Richard Lee Roth, 61, director of relocation for the U.S. Information Agency, died of cancer Sept. 25 at his home in Washington.
A USIA official for 14 years, he also had served as head of the policy guidance staff and director of the office of administration and technology.
Born in Coudersport, Pa., Mr. Roth moved to Washington in 1940. He was a graduate of Coolidge High School and the University of Michigan. He received a master's degree in public administration from the University of Michigan. He served in the Army.
Before he joined the USIA, he was a management analyst with the Office of Management and Budget and director of the office of policy and plans in the State Department's bureau of educational and cultural affairs.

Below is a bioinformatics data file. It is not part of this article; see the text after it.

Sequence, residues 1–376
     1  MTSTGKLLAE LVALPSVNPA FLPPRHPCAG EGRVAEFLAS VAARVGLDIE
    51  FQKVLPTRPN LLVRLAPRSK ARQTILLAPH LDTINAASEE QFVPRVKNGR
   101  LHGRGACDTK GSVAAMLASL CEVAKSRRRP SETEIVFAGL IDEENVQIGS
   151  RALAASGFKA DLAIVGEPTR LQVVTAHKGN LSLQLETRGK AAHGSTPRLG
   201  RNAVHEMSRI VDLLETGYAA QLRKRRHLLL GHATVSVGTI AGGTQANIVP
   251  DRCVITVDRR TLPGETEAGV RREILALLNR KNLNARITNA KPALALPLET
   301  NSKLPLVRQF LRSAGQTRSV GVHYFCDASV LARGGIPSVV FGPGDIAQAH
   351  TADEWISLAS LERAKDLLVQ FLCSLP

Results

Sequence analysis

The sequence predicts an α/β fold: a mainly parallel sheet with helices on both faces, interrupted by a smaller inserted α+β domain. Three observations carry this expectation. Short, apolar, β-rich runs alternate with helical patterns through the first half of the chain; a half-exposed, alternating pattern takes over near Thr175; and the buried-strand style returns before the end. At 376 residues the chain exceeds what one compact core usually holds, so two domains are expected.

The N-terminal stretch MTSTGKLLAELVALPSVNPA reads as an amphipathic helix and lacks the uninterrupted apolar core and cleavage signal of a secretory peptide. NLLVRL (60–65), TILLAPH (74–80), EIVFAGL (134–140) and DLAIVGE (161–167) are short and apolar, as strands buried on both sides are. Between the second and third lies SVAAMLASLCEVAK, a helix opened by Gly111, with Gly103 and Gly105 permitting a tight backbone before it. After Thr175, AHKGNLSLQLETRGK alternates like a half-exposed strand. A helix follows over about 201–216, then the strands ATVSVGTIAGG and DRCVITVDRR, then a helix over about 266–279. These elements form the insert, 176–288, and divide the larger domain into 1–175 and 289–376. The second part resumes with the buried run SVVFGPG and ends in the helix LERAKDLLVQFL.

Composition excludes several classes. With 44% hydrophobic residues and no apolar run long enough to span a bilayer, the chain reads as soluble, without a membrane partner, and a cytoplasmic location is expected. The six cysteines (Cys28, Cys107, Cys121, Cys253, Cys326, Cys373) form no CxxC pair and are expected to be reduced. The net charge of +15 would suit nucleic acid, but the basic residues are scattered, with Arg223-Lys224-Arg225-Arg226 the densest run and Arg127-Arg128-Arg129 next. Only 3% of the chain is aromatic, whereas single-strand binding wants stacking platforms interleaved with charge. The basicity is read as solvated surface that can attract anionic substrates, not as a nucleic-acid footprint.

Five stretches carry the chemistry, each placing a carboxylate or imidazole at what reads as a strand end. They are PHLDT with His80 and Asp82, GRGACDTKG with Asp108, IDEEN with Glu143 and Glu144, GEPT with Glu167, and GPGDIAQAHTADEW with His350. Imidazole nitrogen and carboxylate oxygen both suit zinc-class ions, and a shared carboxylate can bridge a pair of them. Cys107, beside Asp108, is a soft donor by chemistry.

He received superior honor awards from State and USIA.
His first wife, Rosemary Bachman, died in 1981. Survivors include his wife, Ann Cornell Sheffield, and two children of his first marriage, Amanda Lesley Roth and Jonathan Nicholas Roth, all of Washington, and his mother, Louise Roth of Silver Spring.

Angelo M. Brinker, 87, a retired regional sales manager with the Baltimore & Ohio Railroad, died of a pulmonary embolism Sept. 27 at Sibley Memorial Hospital. He had suffered a fall at his Washington home Sept. 18.
Mr. Brinker had lived in the Washington area off and on since 1940.
He retired as the northwest United States regional sales manager in Chicago in 1970, after 51 years with B&O. Earlier in his career he was a general freight agent in Washington.